Requirements for Graduation
Each board providing a program through grade 12 must adopt a policy establishing the requirements students must meet for high school graduation (Iowa Administrative Code rule 281—12.3(5)). This policy must provide for early graduation and must be consistent with the requirements of Iowa Code section 280.14 and the requirements in the introductory paragraph of Iowa Administrative Code subrule 281—12.5(5).
Rule Interpretation from the Chapter 12 Matrix
- Each school or school district must require the following as part of its graduation requirements:
- One-half unit of United States government,
- One unit of American History, and
- Student participation in physical education for one-eighth unit in each semester of enrollment in high school.
- Iowa Code section 256.7(26) states that beginning with the students in the 2010–2011 school year graduating class, the requirements for high school graduation for students in school districts and accredited nonpublic schools must include:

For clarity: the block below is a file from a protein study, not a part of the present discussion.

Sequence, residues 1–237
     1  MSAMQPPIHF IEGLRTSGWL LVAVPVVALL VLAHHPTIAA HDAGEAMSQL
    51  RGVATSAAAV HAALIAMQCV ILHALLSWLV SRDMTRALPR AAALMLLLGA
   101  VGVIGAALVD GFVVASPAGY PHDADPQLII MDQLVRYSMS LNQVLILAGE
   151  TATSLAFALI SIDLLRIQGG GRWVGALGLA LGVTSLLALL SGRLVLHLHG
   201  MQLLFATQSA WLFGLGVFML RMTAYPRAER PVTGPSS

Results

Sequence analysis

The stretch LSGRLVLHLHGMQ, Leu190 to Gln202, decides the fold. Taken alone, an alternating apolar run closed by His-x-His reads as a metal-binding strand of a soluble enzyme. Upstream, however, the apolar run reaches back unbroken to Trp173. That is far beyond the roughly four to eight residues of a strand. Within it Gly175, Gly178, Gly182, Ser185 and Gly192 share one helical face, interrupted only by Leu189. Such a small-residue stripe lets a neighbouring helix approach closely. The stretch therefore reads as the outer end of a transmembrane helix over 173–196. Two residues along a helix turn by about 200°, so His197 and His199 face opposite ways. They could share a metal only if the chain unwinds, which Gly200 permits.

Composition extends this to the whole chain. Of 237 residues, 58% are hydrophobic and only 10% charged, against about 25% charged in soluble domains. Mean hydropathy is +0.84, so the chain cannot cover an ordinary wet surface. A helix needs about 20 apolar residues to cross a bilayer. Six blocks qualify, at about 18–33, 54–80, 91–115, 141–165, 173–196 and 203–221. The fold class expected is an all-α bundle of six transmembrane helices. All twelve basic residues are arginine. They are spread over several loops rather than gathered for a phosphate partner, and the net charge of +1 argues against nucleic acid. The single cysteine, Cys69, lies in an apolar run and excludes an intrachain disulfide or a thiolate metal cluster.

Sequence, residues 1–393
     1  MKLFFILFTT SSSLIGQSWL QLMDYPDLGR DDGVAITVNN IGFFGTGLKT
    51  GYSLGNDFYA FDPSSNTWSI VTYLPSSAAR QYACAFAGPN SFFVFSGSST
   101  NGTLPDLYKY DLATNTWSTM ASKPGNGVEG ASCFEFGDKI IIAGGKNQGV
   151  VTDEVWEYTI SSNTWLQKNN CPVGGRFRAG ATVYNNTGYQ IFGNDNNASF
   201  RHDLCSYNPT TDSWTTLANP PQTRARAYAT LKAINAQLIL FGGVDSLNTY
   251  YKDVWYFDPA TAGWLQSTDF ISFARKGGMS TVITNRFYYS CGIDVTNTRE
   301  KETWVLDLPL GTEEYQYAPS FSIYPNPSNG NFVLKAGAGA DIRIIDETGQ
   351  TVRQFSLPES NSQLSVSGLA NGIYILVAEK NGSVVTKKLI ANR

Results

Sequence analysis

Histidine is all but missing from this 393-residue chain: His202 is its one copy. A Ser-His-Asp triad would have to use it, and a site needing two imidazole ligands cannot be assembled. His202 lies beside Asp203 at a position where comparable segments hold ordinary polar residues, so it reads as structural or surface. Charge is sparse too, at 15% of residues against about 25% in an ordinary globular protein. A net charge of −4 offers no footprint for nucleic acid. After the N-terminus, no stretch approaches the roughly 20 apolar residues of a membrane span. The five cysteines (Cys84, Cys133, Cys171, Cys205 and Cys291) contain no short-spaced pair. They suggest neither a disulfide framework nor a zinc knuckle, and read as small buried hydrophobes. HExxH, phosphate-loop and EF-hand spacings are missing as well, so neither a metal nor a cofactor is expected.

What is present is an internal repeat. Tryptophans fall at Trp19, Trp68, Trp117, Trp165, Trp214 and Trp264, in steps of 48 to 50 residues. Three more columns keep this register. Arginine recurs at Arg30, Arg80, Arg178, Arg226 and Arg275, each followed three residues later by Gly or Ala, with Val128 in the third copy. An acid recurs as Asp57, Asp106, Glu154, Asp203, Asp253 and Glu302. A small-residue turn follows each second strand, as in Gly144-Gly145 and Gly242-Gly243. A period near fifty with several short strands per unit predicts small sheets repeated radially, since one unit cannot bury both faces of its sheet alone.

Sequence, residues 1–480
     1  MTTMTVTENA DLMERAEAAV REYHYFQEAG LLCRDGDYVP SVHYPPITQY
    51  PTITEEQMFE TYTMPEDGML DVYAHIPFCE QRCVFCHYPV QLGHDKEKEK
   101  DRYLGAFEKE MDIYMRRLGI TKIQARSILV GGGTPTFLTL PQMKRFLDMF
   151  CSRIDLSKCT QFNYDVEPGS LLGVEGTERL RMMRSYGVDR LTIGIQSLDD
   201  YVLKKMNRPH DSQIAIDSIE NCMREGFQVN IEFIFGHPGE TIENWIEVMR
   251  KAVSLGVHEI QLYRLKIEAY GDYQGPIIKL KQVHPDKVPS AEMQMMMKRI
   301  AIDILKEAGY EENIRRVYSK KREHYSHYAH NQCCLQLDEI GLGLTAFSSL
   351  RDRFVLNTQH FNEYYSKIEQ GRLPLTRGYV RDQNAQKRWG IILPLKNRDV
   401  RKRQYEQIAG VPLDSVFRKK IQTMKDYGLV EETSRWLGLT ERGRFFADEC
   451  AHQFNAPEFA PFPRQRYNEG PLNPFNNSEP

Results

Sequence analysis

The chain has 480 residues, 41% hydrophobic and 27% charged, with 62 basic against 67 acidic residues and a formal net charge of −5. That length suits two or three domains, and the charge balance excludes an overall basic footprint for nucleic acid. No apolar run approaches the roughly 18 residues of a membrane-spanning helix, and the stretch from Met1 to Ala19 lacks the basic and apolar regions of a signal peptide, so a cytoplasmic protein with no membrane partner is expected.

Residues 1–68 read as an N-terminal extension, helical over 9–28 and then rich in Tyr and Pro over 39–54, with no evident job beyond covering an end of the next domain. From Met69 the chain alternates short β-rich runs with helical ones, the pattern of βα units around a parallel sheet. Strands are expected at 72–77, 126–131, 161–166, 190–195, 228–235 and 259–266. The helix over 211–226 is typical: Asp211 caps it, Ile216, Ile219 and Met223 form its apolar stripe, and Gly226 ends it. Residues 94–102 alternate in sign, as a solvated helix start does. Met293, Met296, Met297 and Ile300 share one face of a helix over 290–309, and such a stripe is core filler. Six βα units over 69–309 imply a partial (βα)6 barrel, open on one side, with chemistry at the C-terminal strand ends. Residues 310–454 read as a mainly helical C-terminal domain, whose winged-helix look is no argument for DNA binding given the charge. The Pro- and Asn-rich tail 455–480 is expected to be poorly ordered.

- Four years of English and language arts,
- Three years of mathematics,
- Three years of science, and
- Three years of social science.
- Any additional graduation credits or units are locally determined.
- Financial Literacy – 2019 Iowa Acts, SF 139 requires all students, beginning with the graduating class of 2021, to complete one-half unit of financial literacy as a high school graduation requirement.
- Criteria established for early graduation are locally determined.
Computer Science Courses for Math Credit
School districts are encouraged to allow computer science courses that meet state computer science standards and include math content to count as math credits for students who have completed other courses covering the required state math standards. In addition, a computer science course may fulfill a math requirement for graduation if the course meets state academic standards in math (e.g., an integrated Algebra II/Computer Science course). Source: Iowa Computer Science Education Work Group Report, endorsed by Gov. Kim Reynolds.